Table 3-14 compares near miss and injury proportions found in each subcategory of the Tone of Report towards Ship’s Crew category. The differences in near miss and injury proportion in among the subcategories indicates that near misses and injury do not follow a similar pattern in this category.

Table 3-12: Comparison of Near Miss Proportion to Injury Proportion by Time of Day when Incident Occurred Time of Day when Incident Occurred

Near Miss (%)

Injury (%)

Difference (%)

Unspecified

98.51

98.36

0.15

Night

0.59

0.66

-0.07

Evening

0.38

0.66

-0.28

Morning

0.34

0.33

0.01

Afternoon

0.17

0

0.17

Total

100

100

0

Table 3-14: Comparison of Near Miss Proportion to Injury Proportion by Involvement of Tone of Report towards Ship’s Crew Tone of Report Towards Ship’s Crew

Near Miss (%)

Injury (%)

Difference (%)

Blame

46.71

79.02

-32.31

Neutral

41.90

0.00

41.90

Unspecified

10.16

15.74

-5.58

Supportive

1.23

5.25

-4.01

Total

100.01

100.00

0.00

Pearson chi2 = 1.0240 (Pr = 0.906) Pearson chi2 = 217.1933 (Pr = 0.000)

Likelihood-ratio chi2 = 1.4159 (Pr = 0.841)

Likelihood-ratio chi2= 313.7820 (Pr = 0.000)

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3.1.15. Tone of Report towards Individuals outside Ship’s Crew Table 3-15 compares near miss and injury proportions found in each subcategory of the Tone of Report towards Individuals outside Ship’s Crew category. The differences in near miss and injury proportion in among the subcategories indicates that near misses and injury do not follow a similar pattern in this category.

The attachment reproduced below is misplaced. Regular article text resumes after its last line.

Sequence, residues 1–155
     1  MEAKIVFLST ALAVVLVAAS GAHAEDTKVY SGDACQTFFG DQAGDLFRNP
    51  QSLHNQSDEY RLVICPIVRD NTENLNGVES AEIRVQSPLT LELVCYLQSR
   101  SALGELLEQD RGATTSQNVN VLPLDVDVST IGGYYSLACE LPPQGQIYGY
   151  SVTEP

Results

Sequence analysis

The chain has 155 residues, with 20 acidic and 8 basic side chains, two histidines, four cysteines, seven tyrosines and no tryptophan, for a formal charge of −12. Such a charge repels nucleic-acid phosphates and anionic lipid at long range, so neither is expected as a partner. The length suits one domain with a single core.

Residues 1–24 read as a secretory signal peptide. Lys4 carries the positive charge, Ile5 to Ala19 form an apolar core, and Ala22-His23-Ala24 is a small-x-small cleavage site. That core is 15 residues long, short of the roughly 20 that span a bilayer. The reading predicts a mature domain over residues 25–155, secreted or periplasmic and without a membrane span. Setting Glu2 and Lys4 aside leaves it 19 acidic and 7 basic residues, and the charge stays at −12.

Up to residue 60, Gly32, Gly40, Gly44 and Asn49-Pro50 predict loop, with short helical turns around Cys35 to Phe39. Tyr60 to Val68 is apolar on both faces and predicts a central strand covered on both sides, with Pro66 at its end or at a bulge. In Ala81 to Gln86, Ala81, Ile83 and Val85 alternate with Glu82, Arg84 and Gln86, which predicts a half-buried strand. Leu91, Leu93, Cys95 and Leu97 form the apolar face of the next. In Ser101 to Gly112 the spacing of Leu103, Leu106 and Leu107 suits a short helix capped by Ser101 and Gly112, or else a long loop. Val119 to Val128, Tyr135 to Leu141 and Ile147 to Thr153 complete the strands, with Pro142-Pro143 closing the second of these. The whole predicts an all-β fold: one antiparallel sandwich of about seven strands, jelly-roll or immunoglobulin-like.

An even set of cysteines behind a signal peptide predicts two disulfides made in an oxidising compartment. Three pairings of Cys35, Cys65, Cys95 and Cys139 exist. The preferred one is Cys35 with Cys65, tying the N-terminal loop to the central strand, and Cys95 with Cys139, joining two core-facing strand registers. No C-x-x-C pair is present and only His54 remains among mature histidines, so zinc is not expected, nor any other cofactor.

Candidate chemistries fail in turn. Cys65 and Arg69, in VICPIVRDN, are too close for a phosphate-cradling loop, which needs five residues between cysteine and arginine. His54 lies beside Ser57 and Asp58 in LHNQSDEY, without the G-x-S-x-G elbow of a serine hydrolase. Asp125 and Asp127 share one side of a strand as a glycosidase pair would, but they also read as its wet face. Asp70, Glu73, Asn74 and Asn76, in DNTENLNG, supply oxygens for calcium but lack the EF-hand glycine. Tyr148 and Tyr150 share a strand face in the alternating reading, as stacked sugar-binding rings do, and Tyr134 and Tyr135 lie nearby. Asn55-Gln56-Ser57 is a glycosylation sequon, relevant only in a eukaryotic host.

Blame

2.46

29.84

-27.37

Unspecified

0.93

2.30

-1.37

Supportive

0.38

2.95

-2.57

Neutral

0.04

27.87

-27.83

Total

100.00

100.00

-0.01

Pearson chi2 = 1.1e+03 (Pr = 0.000)

Table 3-15: Comparison of Near Miss Proportion to Injury Proportion by Involvement of Tone of Report towards Ship’s Crew

Likelihood-ratio chi2= 718.2621 (Pr = 0.000)

3.1.17. Type of Incident

Tone of Report Towards Individuals Outside of Ship’s Crew

Near Miss (%)

Injury (%)

Difference (%)

Table 3-17 compares near miss and injury proportions found in each subcategory of Type of Incident. The wide range of differences in proportions among the Type of Incident subcategories show that near misses and injuries proportions are not similar across all subcategories.

Only Ship’s Crew in Report

79.94

0.33

79.61

Table 3-17: Comparison of Near Miss Proportion to Injury Proportion by Type of Incident

Unspecified

11.47

22.95

-11.48

Blame

7.18

8.20

-1.01

Neutral

1.36

0.00

1.36

Supportive

0.04

68.52

-68.48

Total

100.00

100.00

0.00

Pearson chi2 = 1.9e+03 (Pr = 0.000) Likelihood-ratio chi2 = 1.4e+03 (Pr = 0.000)

3.1.16. Corporate Response Tone Table 3-16 compares near miss and injury proportions found in each subcategory of the Corporate Response Tone category. The differences in near miss and injury proportion in among the subcategories indicates that near misses and injury do not follow a similar pattern in this category. Table 3-16: Comparison of Near Miss Proportion to Injury Proportion by Involvement of Tone of Report towards Ship’s Crew Corporate Response Tone